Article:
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Rice, Simon --- "Referendum: The Queen's English" [2000] AltLawJl 13; (2000) 25(1) Alternative Law Journal 36

Referendum: The Queen’s English

SIMON RICE[*] discusses the Federal Court decision about what means YES and what means NO on a referendum ballot paper.

As if there wasn’t enough to-ing and fro-ing before the days of the November Referendum on the Republic, the monarchists tried to sort out the Electoral Commissioner.

The Scrutineers Handbook

As Justice Sackville of the Federal Court said in his reasons for judgment on 5 November 1999 (the day before the referendum) ‘the applicant is the National Chairman of the Australian Monarchist League, an organisation which supports the retention of the Monarchy under the Constitution’.[1]

It was Mr Benwell’s application that the Scrutineers Handbook produced by the Electoral Commissioner was not in accordance with the requirements of the Referendum (Machinery Provisions) Act 1984 (Cth) (the Machinery Act). Mr Benwell said that the effect of this was that informal ballots would be counted as formal ‘yes’ votes in the referendum because the Handbook did not properly reflect the requirements of the Machinery Act.

Mr Benwell drew attention to the need to interpret the Machinery Act, specifically the interrelationship of ss.24 and 93(8) of the Act. Section 24 of the Machinery Act says that an elector shall write ‘yes’ if they approve the proposed law, and ‘no’ if they do not approve the proposed law. Section 93(8) of the same Act says that a ballot paper is informal if the ‘voter’s intention is not clear, and that effect should be given … to the voter’s intention so far as is clear’.

The Handbook seemed to run ss.24 and 93 together by saying that ‘although electors are required to express their vote by writing the work ‘yes’ or ‘no’ in space provided on the ballot paper, there are other markings that can be accepted as a formal vote if the elector’s intention is clear’.

Mr Benwell sought an injunction which would prevent further distribution of the Handbook, and which would segregate from the referendum counting any votes that might be subject to the returning officer’s discretion on the question of whether ‘yes’ or ‘no’ intention was apparent.

An injunction?

To obtain an injunction the Court must be satisfied there is a ‘serious issue to be tried’; unless there is, why act in an urgent way to interfere with things? It is also necessary that the balance of convenience does not lie in favour of leaving things as they are.

Not surprisingly, Justice Sackville found that Mr Benwell had not raised a serious issue to be tried, and that the balance of convenience lay against the injunction.

When ‘oh yeah!’ means ‘yes’

Justice Sackville found that s.93(8) qualifies s.24, so that the word ‘yes’ or ‘no’ is not the only permissible response: it is possible to indicate a clear intention by other means.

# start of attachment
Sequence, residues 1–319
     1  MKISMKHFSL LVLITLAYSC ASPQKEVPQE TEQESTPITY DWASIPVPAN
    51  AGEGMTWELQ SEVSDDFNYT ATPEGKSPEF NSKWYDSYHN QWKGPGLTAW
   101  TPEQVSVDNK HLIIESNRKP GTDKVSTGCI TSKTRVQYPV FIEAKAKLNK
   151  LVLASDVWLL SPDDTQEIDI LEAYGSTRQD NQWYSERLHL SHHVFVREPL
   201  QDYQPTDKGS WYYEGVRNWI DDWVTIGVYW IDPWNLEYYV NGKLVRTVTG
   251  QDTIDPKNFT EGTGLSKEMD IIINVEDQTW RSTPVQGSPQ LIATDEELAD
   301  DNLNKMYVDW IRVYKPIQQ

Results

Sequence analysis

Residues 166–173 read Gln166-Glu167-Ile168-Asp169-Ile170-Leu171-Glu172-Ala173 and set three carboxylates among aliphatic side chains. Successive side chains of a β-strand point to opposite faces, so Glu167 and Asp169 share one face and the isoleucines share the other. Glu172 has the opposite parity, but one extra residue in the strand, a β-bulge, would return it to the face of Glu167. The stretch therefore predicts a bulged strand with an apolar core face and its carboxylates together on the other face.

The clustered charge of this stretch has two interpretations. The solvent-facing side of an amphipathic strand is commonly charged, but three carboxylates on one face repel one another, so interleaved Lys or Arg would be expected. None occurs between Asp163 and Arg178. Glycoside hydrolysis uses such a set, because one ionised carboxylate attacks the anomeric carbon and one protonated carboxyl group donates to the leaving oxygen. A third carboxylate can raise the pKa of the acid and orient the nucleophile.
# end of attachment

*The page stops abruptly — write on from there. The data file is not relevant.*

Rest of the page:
Mr Benwell replied with a cute argument that the intention that needs to be made clear for the purposes of s.93 is the intention to write ‘yes’ or ‘no’, not an intention to approve or disapprove of the referendum proposal. Under this argument, s.93 was designed to help people who tried but failed to right the letters ‘y’ ‘e’ and ‘s’ or the letters ‘n’ and ‘o’ so as to write ‘yes’ or ‘no’, but was not there to assist people who write ‘oui’, ‘si’, ‘non’, or mark with a tick or an enthusiastic ‘oh yeah!’.

Justice Sackville rejected this argument: the section, he found, refers to the voter’s intention as to approving the proposal.

Justice Sackville made it clear that the intention indicated must be ‘unmistakable’. The Handbook gave examples of what would be accepted, such as the word ‘definitely’ which is a pretty clear indication that the voter intends to say ‘yes’, as is the use of a tick. The Handbook approved the expressions ‘OK’ and ‘sure’, which Justice Sackville felt were less clear but nevertheless acceptable as an expression of intention.

On the question of ‘balance of convenience’, Justice Sackville took account of the fact that 35,000 printed copies of the Handbook had been published, and over 700 copies had been downloaded from the Internet. Over 50,000 polling staff had received a summary form of the Handbook. Mr Benwell, on the other hand, commenced his proceedings three days before the referendum was scheduled. Along with other factors, including the unlikely practical relevance that the issue would have in the outcome of the referendum, Justice Sackville found that the balance of convenience lay against the injunction.

A small step for tolerance

So what was it all about? What was Mr Benwell’s use of Federal Court time and resources, at the last possible moment, designed to achieve? Did he merely want to clarify a possible ambiguity in the Referendum Machinery Provisions Act 1984? No, Mr Benwell had a clear view as to how any possible ambiguity could be resolved: he wanted a finding that the Machinery Act required people to write the three letters y.e.s. for yes and the two letters n.o. for no, and to not otherwise indicate their intentions as to the Australian Constitution. This interpretation, if successful, would have meant that only people who wrote English well and confidently, and in strict compliance with the letter of the law and the written instructions regarding completion of the ballot paper, could have their vote count.

There has been much debate about what the ‘no’ result in the referendum meant: what was being rejected? But there can be no doubt that the result of the Australian Monarchist League’s case means that all Australians have the right to clearly express their view on constitutional reform, whether or not they can spell.


[*] Simon Rice is a Sydney lawyer.

[1] Benwell v Gray, Electoral Commissioner [1999] FCA 1532 <>

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